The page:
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grilled steak

Ramona King

Grilled New York Strip steak


We've got the tips and tricks to make sure you have tasty steaks all summer long

Making a good steak is like finally learning how to ride a bike — once you get it down you'll always know how to do it. However, people are often confused as to which recipe or technique to use. The answer, of course, depends on a few things, such as the cut of meat you're planning on working with, what ingredients you already have at home and just plain old personal preference. 

No matter whether you're searing filet mignon in butter or cooking a marbled New York strip on a hot grill, we've got the recipes to make sure that you're delivering restaurant-quality steaks time and time again. 

To grill or to griddle? 
All a mouthwatering steak really needs is heat, salt and pepper. That being said, there are pros and cons to each cooking technique depending on your desired result. If you want a steak that has those distinctive grill marks and the kiss of smoke that we all attribute to summertime fun, cooking your steak over a hot grill is the way to go. Our guide to grilling will answer all of your questions.

If you're more of a fan of tender meat in a sizzling pan, look no further than your trustiest cast-iron skillet. Pan-searing a steak builds flavor through the Maillard reaction and gives you a heck of a meat crust. There are few greater joys than the experience of a perfectly cooked steak in a well-seasoned skillet. Put some butter and herbs in there and I challenge you to find a better piece of meat served anywhere.  

Steak recipes

Once you've chosen your favorite cooking method, it's time to get down to business. Here are some of our favorite steak recipes, for both cooking on the grill and in a ripping hot skillet. 

Marinated Grilled Skirt Steak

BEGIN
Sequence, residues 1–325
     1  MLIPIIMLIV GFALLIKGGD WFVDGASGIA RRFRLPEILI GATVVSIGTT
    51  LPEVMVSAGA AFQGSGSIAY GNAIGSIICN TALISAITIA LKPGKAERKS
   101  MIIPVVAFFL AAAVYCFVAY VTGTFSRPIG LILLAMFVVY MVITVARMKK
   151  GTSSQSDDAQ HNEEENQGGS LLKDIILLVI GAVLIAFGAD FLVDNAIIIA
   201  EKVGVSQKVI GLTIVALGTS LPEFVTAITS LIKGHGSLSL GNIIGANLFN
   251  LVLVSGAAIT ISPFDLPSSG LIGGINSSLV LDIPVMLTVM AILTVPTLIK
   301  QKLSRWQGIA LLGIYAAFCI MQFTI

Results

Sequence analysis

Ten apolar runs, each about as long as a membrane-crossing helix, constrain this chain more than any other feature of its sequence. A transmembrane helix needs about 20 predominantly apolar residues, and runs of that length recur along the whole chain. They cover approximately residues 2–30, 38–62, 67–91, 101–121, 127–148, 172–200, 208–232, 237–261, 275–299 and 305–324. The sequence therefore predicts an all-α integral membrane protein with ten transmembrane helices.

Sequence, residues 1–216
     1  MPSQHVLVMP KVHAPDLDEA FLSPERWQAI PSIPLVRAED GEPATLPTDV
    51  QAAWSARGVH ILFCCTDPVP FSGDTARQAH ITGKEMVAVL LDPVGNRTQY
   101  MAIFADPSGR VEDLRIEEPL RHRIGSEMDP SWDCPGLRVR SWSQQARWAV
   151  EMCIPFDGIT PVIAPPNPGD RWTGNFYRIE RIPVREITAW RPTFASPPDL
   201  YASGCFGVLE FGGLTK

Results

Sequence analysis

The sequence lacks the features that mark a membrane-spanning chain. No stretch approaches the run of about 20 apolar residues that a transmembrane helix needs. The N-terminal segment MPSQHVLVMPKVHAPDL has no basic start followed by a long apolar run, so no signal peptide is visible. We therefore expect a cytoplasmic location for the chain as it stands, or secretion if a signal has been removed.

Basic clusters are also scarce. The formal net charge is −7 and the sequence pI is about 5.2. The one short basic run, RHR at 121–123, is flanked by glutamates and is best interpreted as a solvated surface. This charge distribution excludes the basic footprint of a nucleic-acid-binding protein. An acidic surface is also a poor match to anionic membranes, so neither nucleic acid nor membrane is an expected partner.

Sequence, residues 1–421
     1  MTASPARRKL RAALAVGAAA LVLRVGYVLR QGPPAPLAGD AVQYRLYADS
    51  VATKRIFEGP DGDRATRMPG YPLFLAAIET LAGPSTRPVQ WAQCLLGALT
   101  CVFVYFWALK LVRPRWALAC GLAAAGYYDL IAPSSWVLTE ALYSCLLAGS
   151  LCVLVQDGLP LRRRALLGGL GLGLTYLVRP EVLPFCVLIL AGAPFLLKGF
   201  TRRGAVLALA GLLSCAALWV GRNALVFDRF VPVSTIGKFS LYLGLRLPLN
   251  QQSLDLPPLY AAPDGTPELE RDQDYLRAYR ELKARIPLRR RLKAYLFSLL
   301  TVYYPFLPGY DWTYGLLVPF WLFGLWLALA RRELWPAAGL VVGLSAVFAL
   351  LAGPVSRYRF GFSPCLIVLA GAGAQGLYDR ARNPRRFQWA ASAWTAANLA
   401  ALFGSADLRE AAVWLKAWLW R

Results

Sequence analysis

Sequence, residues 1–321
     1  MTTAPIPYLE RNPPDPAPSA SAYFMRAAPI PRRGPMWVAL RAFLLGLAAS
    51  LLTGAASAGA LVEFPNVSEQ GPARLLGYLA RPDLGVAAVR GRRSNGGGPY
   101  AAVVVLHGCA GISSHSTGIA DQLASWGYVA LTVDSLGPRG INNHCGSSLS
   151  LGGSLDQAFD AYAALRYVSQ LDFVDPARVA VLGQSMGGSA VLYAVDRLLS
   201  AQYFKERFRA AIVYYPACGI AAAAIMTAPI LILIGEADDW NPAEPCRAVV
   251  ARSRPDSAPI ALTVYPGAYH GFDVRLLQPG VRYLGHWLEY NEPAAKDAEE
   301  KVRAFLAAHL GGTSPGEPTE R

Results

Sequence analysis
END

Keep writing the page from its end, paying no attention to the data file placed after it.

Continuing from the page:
A citrusy, garlic-filled marinade is perfect for beefy skirt steak. It'll tenderize its somewhat tough, but super flavorful, meat, and it'll provide a perfect flavor base for using the steak in its best form: tacos. Smoke from the grill complements the tangy marinade, and the steak will cook in a jiffy. Our only other tip is to remember to slice the grilled steak across the grain for the most tender bites possible.
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Grilled New York Strip Steaks
While there's no reason why you couldn't cook a strip steak indoors, we particularly like the smoky flavor notes it picks up when cooked on the grill. That delicious fat cap really shines when it is seared over charcoal. The even better part about this recipe? It'll provide the basic foundation for any other steak you'd like to cook in the great outdoors.
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Cast Iron Seared Rib-Eye Steak
Rib-eye steaks, both bone-in and boneless, can be tricky to grill because of all of their fat; a good pan-sear makes it even easier to cook these delicious steaks at home. Add a little compound butter and this steak will really shine.
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Cast Iron Seared Filet Mignon
Cooking a steak in a cast iron pan not only imparts a delicious brown crust on the exterior of the meat, it also gives you the ability to continually baste the steak with butter for extra flavor and richness. Lean cuts like a filet mignon are perfect candidates for this technique. Pro tip: Tying a piece of kitchen twine around the equator of the steak helps maintain its shape and allows for more even cooking.
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Like a little steak sauce on the side? Try these recipes:
5-Ingredient Steak Sauce
Almost Heinz 57 Steak Sauce
B2 Sauce (a.k.a. Almost A1 Sauce)

Photo (grilling steak): Ramona King

Author image

Ryan Shepard is the editor-in-chief at Southern Kitchen. Though originally from Los Angeles, she has lived in Atlanta since early 2017 and cannot imagine calling any other city home (except maybe New Orleans). Before joining Southern Kitchen's staff, Ryan worked on Capitol Hill in Washington, D.C. on public policy issues. When she's not at work, she enjoys hunting down the best Mexican food in the city and drinking whiskey, obviously.